Friday, May 25, 2012

Old Ways, New Ways

Thursday, Warren submitted a grant application that he had been working on for weeks. It had been a major effort and he was worn out. I had been at the office longer that day than planned. Sometimes an unplanned, unscheduled, and urgent mediation comes up just as you are about to walk out the door, and our policy is to turn around and sit down with the parties for at least an initial meeting, which is what I did. So I was already tired when I met Warren at his office and we walked to City Hall for the "farewell" reception for our highly respected Police Chief, Russ Martin, who was recently appointed the county Sheriff. As it turned out, many of my former colleagues from Municipal Court were there at the same time, so there was a lot of catching up to do.

By the time we reached home, I was exhausted.

We ate a small supper, then Warren proposed a small walk. A little walk just to unwind. The warm day had cooled into a pleasant evening, so I was game. As it turned out, we got no farther than a block away, when Warren pushed open the front gate at the home of Darrell and Gola. Darrel, who was one of Warren's earliest music instructors, has remained a long-time friend, champion, and colleague of Warren's.

"Let's stop and visit," suggested Warren.

Darrell and Gola live in one of the older, large, wood-framed homes that fill our neighborhood. It has a deep front porch that Darrell just rebuilt. The porch also has several benches and chairs on it (also built by Darrell, who is a master woodworker), as well as a porch swing.

A porch swing. You know, the kind every house used to have. The kind that you hang on chains suspended from the porch ceiling, the kind that you take down every late fall and store in the basement until the weather warms up in the spring. I grew up in a house with a porch swing; my parents have a porch swing on their back porch. The kind that has a nice rhythm and a pleasant creak as it swings.

We sat on the swing together and rocked and talked with our friends for the next few hours. We talked until the fireflies (and the mosquitoes) came out. We talked until the moon slid down the western sky. We talked until the soft evening had faded into a silky night.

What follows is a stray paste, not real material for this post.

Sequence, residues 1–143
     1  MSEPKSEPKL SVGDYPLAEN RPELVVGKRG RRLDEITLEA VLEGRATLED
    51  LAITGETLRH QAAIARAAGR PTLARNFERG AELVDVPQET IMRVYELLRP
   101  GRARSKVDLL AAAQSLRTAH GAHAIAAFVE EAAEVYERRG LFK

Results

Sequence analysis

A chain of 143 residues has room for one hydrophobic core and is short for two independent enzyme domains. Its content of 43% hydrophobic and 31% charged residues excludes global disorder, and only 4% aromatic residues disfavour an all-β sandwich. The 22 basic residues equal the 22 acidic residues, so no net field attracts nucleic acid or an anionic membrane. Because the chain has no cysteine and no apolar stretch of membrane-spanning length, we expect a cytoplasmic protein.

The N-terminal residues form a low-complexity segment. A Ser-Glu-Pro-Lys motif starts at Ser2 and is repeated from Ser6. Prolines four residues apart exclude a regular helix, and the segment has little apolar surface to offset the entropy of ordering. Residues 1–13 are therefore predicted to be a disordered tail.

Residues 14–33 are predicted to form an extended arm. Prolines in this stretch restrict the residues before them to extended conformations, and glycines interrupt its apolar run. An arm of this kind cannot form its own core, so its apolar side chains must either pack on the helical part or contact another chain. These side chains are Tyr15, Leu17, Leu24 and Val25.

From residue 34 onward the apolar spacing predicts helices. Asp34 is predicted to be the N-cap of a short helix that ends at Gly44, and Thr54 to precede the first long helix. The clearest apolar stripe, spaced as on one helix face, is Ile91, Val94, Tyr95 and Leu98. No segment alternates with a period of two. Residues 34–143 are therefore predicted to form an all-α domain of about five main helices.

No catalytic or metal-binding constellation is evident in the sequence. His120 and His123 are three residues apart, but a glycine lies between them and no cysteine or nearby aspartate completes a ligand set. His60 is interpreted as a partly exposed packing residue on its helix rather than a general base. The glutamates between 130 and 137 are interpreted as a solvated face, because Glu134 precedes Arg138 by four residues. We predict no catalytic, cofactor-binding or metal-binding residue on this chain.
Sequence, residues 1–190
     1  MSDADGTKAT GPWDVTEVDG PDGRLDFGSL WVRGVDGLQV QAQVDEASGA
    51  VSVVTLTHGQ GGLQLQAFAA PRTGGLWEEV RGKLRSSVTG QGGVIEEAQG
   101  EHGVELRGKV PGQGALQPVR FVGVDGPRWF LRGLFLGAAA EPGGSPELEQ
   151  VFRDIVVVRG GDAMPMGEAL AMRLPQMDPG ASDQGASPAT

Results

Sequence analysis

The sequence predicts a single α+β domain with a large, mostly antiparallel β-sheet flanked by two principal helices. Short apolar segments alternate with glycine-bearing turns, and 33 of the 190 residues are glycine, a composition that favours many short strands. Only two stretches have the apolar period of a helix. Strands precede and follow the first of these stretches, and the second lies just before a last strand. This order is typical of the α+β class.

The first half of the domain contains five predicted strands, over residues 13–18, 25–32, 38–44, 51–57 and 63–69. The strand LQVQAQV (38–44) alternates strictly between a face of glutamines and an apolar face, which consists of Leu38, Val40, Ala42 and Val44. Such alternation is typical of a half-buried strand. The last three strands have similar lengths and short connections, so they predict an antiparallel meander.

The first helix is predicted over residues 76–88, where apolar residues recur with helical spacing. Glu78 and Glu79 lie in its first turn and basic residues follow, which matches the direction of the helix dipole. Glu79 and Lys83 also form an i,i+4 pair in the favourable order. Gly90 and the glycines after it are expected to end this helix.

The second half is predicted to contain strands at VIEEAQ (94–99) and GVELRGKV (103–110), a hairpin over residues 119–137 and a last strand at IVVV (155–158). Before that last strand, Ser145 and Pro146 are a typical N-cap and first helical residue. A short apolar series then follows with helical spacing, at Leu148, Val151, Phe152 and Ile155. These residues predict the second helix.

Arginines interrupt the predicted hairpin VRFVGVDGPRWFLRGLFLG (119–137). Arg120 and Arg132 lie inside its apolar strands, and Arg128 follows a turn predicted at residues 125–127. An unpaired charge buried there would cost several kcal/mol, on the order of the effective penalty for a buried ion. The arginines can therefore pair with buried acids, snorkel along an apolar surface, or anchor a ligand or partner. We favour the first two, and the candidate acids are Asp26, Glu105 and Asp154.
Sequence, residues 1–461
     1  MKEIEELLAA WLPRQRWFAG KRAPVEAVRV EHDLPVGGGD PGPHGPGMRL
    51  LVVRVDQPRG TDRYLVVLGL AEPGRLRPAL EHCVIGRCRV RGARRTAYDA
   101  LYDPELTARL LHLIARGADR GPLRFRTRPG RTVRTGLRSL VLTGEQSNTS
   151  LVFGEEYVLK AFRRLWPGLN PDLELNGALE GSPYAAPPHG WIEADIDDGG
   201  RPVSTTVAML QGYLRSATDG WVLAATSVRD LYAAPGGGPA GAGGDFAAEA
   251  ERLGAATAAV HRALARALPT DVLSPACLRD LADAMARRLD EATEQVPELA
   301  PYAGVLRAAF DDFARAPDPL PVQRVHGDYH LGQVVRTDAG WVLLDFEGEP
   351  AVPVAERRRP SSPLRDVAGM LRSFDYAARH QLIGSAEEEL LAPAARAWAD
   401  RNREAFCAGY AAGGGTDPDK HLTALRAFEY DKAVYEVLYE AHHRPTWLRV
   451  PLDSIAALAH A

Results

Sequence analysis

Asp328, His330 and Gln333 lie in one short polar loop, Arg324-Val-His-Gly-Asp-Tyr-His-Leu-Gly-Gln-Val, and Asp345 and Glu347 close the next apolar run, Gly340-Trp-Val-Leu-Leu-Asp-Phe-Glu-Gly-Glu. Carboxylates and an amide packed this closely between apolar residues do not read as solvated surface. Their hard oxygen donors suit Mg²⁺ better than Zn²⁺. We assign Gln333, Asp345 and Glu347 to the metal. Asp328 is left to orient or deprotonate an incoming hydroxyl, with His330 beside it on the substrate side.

When we finally walked home, Warren and I agreed it was one of the most relaxing evenings we'd had in weeks. There was no computer trying to attract our attention. There was no television, no radio. There was just good talk and laughter and the communion of friendship.

As I fell asleep last night, I reflected on how satisfying the evening had been. It was life at a slower pace. It was life as we (the collective "we") used to live it 70, 80 years or more. The depths of the porches on our older homes in this town attest to that.

It was life lived in the old ways.

This morning, still smiling from last night, I turned on my computer and got a jolt. In my email Inbox was a message that read:

I just got a new email with my computer and wanted you to have my address.

Dad?! What new computer? What new email address? There was never an old email address or an old computer.

Some days you just can't keep those new ways away.


see you there! said...

Sounds like a perfect evening. Laughed at the message from "Dad" tho. My Mom, in her mid 90's took to the computer in a big way about 10 years ago - it amazes a lot of people that someone her age uses it so much.


Anonymous said...

I live in a house with a porch swing! And I have to agree that older homes with porches and swings are one of the great pleasures of a midwestern life-style. Your post reminded me of a funny story about the day we first hung our new porch swing. DH found the first pair of s-hooks in his hardware stash. Then we sat down and were promptly dumped on our porch. We looked at each other and burst out laughing. The hooks had not been rated for our combined weight.

Jackie said...

Your evening sounded delightful and so relaxing. I had to chuckle about you Dad. My 87 year old Grandma was emailing a couple of years ago.

Hope all is well with you.


Jenny Woolf said...

I have always wished we had a porch chair - or indeed a porch. In Australia when I was young we had a verandah and pretty well lived on that.